Black Europe in Sound: African Diasporic Contributions to Art Music in Europe

AHA Session 234
Saturday, January 6, 2018: 3:30 PM-5:00 PM
Marriott Ballroom, Salon 1 (Marriott Wardman Park, Lobby Level)
Allison Blakely, Boston University
Allison Blakely, Boston University

Session Abstract

“Black Europe” has emerged as an area of inquiry within African diaspora studies and a “category of historical analysis,” “a lens for thinking comparatively and transnationally about race politics and racial formation” (Hammond Perry and Thurman 2016). Riding a wave of new studies of diasporic communities in specific national and imperial settings, it has provided the organizing theme of notable special issues, edited collections, conferences on both sides of the Atlantic, and a decade-long program of summer schools in the Netherlands. Scholarship on Black Europe has highlighted, on the one hand, the historical and contemporary contributions of people of African descent to culture, society, and politics in Europe and, on the other, the complex and often unbalanced connections among the African diaspora in Europe and Africa, the Caribbean, and the Americas. Histories of the black presence—and black politics—in Europe has transformed our understanding of the histories of empire, decolonization, nations and nationalisms, internationalism, and racism and anti-racism.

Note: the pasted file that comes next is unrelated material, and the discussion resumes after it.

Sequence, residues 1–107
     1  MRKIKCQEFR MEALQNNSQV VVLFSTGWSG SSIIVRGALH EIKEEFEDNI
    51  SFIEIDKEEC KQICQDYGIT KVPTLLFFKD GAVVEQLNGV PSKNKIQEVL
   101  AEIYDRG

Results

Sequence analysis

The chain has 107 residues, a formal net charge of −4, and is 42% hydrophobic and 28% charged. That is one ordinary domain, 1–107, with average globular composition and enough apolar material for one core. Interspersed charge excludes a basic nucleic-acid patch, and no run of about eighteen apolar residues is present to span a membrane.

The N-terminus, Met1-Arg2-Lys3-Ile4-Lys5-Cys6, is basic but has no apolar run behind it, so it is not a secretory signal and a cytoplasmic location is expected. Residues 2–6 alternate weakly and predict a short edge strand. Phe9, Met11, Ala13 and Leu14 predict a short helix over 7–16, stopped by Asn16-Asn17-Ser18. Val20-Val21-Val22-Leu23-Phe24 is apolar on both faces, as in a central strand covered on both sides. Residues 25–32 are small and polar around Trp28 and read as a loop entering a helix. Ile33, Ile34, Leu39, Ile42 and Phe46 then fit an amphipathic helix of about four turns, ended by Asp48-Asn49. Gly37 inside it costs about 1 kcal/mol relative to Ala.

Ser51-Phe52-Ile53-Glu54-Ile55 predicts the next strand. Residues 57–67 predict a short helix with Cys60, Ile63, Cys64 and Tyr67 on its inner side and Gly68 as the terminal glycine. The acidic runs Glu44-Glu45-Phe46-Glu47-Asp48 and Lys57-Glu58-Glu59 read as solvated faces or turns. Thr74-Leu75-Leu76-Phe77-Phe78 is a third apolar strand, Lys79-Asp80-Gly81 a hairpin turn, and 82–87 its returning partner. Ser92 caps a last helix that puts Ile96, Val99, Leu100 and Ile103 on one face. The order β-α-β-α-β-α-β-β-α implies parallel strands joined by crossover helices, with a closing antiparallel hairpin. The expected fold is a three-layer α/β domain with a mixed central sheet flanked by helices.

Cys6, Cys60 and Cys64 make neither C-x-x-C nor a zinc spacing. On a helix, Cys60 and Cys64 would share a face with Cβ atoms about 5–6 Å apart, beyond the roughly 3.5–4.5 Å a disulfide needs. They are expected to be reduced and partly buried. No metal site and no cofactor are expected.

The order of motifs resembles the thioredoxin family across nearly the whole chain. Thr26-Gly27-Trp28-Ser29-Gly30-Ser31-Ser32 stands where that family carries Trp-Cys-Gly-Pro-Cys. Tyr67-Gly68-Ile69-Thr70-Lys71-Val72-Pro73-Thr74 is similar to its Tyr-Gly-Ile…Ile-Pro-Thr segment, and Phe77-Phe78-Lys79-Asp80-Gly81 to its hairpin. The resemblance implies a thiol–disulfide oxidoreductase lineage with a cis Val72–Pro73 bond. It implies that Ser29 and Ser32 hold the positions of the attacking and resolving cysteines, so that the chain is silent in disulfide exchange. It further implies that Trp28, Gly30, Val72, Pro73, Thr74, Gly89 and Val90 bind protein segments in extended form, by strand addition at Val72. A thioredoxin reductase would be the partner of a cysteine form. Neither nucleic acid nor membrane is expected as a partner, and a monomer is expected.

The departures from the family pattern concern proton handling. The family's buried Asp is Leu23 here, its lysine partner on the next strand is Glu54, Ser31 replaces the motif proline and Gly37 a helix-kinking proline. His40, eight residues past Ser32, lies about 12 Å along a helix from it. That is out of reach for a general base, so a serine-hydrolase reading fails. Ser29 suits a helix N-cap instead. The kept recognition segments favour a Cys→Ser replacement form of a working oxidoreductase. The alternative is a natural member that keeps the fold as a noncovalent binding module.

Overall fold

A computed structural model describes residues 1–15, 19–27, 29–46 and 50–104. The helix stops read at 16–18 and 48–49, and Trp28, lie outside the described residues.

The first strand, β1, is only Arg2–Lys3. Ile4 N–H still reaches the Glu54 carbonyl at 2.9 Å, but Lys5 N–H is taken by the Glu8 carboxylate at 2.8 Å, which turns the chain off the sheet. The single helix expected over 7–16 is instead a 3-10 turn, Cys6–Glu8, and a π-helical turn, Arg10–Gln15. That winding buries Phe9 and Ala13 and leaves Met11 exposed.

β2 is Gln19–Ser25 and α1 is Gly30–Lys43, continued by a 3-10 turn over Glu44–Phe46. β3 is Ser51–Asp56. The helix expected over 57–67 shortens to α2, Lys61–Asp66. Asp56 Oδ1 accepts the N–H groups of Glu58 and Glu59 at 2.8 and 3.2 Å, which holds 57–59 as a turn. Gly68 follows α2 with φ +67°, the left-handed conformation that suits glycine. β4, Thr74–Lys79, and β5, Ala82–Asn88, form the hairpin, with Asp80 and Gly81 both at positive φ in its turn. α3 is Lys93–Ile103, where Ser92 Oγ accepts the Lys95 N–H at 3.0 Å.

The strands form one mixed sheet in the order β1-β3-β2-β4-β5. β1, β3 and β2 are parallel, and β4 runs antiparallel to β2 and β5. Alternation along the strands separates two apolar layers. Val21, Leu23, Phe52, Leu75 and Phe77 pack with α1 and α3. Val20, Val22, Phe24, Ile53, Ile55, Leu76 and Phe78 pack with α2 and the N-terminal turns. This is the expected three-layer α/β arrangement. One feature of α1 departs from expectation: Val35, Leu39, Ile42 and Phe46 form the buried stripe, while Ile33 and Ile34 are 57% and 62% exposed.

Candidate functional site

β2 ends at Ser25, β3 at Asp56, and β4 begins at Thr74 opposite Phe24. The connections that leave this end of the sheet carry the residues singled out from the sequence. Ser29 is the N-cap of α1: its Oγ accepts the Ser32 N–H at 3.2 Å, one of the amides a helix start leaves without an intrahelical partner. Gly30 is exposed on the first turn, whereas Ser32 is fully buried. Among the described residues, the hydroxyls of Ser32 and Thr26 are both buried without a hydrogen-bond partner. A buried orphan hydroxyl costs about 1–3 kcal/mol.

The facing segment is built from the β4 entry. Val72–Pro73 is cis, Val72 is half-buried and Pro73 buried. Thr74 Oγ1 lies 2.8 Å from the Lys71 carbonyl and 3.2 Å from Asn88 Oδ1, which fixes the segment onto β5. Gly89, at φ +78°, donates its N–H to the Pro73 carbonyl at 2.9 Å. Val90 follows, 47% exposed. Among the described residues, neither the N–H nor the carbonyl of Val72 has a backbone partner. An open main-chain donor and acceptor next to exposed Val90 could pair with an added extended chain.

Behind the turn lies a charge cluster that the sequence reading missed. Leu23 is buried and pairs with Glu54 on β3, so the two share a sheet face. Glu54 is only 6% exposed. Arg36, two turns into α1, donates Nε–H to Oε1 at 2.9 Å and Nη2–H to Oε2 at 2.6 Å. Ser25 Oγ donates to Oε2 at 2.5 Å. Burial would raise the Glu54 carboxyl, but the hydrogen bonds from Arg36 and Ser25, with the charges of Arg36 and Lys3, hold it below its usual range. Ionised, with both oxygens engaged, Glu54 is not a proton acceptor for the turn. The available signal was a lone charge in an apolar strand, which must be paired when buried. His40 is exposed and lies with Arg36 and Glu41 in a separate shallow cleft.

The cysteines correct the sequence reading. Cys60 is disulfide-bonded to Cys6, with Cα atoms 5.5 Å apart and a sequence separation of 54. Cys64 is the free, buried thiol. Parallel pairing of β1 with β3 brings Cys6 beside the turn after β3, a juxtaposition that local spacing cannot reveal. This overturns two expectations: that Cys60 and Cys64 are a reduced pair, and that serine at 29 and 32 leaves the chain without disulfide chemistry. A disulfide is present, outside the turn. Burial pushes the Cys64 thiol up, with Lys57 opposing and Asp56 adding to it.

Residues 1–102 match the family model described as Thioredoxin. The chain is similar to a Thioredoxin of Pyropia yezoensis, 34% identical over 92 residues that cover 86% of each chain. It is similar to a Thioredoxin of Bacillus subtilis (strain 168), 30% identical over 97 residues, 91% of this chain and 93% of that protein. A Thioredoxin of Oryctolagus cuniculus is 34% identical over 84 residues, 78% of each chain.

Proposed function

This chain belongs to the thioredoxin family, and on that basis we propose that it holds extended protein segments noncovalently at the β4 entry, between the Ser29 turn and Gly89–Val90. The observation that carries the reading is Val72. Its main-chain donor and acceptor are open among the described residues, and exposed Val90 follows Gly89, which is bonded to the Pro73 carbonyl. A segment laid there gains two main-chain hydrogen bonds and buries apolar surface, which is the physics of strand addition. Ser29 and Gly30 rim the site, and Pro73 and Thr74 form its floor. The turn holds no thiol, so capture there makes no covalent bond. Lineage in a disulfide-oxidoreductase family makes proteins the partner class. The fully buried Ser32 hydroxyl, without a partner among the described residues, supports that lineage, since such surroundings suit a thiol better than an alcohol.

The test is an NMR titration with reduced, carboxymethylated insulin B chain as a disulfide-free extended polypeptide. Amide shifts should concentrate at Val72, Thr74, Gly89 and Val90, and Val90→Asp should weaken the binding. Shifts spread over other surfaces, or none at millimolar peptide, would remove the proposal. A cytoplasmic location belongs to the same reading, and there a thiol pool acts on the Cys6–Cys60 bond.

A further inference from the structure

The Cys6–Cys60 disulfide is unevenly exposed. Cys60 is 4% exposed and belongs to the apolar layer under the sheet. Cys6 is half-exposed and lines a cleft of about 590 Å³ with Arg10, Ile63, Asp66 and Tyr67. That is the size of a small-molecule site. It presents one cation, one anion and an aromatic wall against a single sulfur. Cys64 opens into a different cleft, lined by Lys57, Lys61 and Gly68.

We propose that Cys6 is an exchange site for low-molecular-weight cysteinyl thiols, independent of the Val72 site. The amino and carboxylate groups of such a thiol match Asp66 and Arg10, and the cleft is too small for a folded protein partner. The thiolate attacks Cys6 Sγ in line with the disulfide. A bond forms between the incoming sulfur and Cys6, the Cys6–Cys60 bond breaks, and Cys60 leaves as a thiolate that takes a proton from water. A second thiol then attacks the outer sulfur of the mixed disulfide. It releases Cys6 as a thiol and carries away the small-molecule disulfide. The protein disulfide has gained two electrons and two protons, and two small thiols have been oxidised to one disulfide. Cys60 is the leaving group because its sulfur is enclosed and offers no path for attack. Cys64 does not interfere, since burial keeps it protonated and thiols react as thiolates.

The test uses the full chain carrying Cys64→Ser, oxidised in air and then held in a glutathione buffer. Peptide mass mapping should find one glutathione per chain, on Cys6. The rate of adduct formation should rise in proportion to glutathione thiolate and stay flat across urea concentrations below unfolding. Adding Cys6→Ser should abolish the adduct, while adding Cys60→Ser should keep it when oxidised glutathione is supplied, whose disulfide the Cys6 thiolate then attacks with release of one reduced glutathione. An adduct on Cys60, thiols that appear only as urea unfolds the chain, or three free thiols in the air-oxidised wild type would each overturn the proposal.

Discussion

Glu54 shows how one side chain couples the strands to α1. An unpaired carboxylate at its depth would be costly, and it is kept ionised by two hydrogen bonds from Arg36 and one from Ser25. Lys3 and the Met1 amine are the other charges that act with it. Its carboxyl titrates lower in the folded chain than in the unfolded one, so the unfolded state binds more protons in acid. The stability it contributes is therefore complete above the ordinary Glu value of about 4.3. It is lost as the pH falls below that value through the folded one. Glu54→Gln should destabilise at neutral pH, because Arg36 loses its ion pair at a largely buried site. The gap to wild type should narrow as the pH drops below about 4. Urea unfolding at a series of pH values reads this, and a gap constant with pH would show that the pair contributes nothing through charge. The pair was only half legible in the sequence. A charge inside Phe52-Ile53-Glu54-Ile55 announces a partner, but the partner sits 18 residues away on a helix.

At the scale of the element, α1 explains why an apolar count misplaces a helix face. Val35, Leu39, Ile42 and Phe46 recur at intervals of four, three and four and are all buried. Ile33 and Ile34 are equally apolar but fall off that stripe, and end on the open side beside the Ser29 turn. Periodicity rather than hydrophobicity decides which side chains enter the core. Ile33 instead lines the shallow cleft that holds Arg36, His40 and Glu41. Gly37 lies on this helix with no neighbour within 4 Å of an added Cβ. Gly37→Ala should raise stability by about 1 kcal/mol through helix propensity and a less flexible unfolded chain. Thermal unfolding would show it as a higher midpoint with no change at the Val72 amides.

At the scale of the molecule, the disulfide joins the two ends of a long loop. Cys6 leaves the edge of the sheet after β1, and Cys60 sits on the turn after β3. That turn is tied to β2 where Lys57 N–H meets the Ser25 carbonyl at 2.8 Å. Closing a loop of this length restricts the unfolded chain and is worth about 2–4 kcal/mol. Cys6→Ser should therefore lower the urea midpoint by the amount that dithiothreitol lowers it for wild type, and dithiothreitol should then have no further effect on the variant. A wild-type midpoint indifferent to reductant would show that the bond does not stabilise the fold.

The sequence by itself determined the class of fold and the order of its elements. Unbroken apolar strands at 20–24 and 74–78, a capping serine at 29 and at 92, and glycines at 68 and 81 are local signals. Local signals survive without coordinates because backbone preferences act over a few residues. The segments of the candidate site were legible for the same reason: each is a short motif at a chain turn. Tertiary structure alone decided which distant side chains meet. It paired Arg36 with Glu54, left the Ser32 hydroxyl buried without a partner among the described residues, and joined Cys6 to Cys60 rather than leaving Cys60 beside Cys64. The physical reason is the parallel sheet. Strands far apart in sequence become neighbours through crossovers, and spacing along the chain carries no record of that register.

Inspired by this growing historiography, this panel brings together historians working on the African diaspora in Britain, France, Germany, the Netherlands, and Russia to reflect on the history and potential future of Black Europe as both topic and concept. The papers approach Black Europe through the history of black contributions to the development of music and musical cultures in nineteenth- and twentieth-century Europe. Few, if any, cultural realms are considered more quintessentially “European” than art music. In different ways and from different vantage points, the panelists’ papers call attention to the contributions of people of African descent to this tradition since the nineteenth century. Sally McKee’s paper tells the remarkable and largely-forgotten story of the New Orleans- native and composer, Edmond Dédé, who produced art music and popular songs and managed several dance halls in nineteenth-century France. Kira Thurman’s paper addresses the central paradox in contemporary German public discourse that it is impossible to be black and German by focusing on black performances of German identity in the interwar period. Hearing concert singers such as Marian Anderson take on their most cherished music forced German listeners to reconsider the cultural definitions of blackness and Germanness in 1920s Berlin and Vienna. Marc Matera’s paper centers on black musicians and composers working in the concert music tradition in Britain during the first half of the twentieth century, and explores how transatlantic networks and social world of black London shaped their compositions and performance repertoires. Taken together, these papers suggest certain parallels in the obstacles facing black musicians and composers as well as among the spaces that nurtured the work despite such challenges. They raise broader questions about the contours of Black Europe and the ways that the concept might bring into sharper focus the ways that transatlantic, transnational, and imperial connections shaped understandings of and contests over race, culture, and national and racial identities.

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